Multitasking- Good or Bad?

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Multitasking is such a topic which often brings on a heated debate. Sure, multitasking can help us accomplishing multiple tasks on a to-do list, but does doing multiple things at the same time affect our ability to do those tasks perfectly? Did we ever thought of whether it is a positive attribute to boast on resumes or is it a risky habit that is harmful to those having attention issues?

Did anytime we think of it when where students are concerned? Does doing multiple tasks at a time can influence them in their learning process or can they retain the information which they need by doing so?

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It’s easy to switch mental focus while doing simple tasks, allowing people to do multiple things at a time, as for example, at home, speaking to someone on the phone while preparing breakfast or mopping the floor; at work, listening to radio while responding to a simple email or texting on phone, etc. It might help you to learn how to deal with distractions and interruptions- because life or people won’t stop if you are busy. It does allow progress on multiple tasks, even if the progress is minimal. It also helps in moving several projects/chores/assignments towards a single deadline. It also does help us develop the ability to cope when there are lots of chaos happening around us. Our society is becoming more technological wired day by day. The ability to use multiple technologies simultaneously will keep people of all ages getting benefited with these technologies. It also help us in situation where deadlines loom or is about to finish because in these cases it’s always better to complete pieces of all tasks than to complete only one.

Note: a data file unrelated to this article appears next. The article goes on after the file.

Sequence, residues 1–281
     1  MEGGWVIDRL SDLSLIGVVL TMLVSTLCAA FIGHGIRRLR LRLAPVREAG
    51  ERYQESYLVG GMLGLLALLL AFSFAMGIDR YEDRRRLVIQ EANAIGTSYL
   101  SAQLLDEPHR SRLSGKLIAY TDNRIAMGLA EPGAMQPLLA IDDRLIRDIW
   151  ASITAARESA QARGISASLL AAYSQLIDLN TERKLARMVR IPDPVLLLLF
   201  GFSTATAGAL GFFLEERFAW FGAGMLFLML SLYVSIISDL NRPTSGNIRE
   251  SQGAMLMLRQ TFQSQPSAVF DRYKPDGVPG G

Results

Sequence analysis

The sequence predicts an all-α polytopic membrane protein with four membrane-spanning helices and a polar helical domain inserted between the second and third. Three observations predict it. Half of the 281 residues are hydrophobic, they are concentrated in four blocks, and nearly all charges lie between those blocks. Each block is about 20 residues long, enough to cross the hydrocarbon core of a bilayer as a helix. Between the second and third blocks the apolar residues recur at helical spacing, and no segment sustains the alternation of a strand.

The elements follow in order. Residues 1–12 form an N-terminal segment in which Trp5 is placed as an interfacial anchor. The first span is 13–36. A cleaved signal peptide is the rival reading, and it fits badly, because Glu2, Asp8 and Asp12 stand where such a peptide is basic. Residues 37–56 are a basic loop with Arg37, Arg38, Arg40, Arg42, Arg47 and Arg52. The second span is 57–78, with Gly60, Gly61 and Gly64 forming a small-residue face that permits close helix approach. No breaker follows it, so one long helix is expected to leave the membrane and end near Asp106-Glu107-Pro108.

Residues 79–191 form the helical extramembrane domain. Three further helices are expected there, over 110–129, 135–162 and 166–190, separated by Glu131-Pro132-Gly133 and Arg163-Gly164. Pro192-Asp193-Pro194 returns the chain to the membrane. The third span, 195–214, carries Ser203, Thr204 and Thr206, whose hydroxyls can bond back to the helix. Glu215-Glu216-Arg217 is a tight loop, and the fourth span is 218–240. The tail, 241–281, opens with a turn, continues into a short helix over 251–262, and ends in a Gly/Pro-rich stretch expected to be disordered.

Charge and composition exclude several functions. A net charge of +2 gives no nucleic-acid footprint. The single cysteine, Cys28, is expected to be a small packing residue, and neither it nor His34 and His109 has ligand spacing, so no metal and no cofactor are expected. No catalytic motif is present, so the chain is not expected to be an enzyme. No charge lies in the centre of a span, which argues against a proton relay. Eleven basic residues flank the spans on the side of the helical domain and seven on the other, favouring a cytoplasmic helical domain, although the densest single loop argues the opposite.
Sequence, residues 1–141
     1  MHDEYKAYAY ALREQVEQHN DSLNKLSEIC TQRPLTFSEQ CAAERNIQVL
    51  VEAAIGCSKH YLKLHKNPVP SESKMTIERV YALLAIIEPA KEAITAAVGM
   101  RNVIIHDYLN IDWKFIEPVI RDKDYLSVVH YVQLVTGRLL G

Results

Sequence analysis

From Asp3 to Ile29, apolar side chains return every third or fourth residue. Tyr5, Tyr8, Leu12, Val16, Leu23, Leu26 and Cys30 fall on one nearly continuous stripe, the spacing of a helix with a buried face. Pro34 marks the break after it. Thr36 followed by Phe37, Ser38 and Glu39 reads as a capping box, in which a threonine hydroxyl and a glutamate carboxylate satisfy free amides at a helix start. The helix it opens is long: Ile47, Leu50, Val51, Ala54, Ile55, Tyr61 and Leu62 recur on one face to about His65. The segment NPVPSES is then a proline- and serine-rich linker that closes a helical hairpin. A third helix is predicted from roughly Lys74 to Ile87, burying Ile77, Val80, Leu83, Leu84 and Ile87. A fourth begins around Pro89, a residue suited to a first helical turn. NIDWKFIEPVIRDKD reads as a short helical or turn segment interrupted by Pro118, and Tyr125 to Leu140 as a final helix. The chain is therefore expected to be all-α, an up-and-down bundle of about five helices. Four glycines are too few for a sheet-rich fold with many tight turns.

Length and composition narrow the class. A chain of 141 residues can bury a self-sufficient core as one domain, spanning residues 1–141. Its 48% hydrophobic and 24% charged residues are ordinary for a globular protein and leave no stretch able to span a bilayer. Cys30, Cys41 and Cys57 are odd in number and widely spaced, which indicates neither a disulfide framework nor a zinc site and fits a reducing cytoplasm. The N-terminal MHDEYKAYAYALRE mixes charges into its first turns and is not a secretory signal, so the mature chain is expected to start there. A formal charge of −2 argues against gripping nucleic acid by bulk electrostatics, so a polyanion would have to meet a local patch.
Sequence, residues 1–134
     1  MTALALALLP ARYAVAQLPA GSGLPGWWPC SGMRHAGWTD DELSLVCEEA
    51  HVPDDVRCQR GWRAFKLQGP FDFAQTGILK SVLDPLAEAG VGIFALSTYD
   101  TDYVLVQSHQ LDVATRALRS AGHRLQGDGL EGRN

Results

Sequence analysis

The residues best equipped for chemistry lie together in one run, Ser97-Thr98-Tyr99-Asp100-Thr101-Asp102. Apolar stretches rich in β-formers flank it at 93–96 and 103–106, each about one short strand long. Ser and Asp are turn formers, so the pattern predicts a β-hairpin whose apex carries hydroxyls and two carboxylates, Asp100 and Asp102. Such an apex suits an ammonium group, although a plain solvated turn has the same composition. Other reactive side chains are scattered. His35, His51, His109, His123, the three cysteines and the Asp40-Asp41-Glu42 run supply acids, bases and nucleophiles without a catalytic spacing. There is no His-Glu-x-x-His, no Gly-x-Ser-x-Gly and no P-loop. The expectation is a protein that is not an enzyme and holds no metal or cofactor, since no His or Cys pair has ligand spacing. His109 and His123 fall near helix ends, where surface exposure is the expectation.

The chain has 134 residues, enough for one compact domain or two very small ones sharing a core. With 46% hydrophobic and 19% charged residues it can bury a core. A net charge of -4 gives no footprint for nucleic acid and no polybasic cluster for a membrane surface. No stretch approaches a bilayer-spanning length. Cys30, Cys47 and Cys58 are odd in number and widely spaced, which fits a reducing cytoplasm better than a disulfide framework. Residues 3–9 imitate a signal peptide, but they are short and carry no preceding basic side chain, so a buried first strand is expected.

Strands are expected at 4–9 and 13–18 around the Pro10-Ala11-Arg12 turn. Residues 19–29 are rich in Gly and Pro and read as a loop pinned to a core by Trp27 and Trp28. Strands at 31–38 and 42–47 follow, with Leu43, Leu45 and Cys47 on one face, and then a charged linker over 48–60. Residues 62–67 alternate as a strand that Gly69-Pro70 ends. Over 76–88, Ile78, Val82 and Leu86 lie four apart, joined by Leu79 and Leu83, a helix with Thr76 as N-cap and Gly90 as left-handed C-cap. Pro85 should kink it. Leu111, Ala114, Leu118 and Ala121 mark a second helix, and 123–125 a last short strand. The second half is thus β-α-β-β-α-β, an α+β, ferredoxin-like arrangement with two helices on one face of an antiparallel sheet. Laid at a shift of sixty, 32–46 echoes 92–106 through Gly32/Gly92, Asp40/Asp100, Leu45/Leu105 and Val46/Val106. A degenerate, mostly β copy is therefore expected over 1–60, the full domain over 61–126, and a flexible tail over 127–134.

According to extensive research, the actual act of switching between two things takes a long time in terms of our mental strength. Our brain assign rules to how we do some task. Switching between tasks means closing one set of rules and opening another. It’s often seen that interruptions of a ringing phone or the chime of an instant message makes it difficult for us to come back to the original task at hand. It’s also often seen that multitasking often results into busy work without accomplishing anything. Whether we are in the workplace or in the classroom, multitasking creates a drop in our efficiency to do work properly. Non-stop distractions often lead to frustration and loss of attention. Through multitasking, instead of accomplishing a single whole task properly, we often finish doing it very little.

Interruptions are especially not good for children who have attention deficiencies or for them who are learning how to activate their internal filtering mechanisms. The more technological savvy we become, the less we tend to use basic, old-fashioned social skills. Some companies are even taking an anti-technological stance and are implementing email-free days to force their employees to improve their problem solving as well as improving their teamwork skills.

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Nowadays, multitasking often include a variety of technological devices. This leads to procrastination more than anything else. Our brain often gets tired. Known as executive function, the brain’s ability to make multiple decisions can easily tire out making it a less-effective decision maker.

Today, all around the world, we can see that multitasking is extremely prevalent and not something that will go away soon. Even though multitasking has been shown to be ineffective by different studies, it is still being acknowledged as a powerful skill which many people will take on in the future.

 

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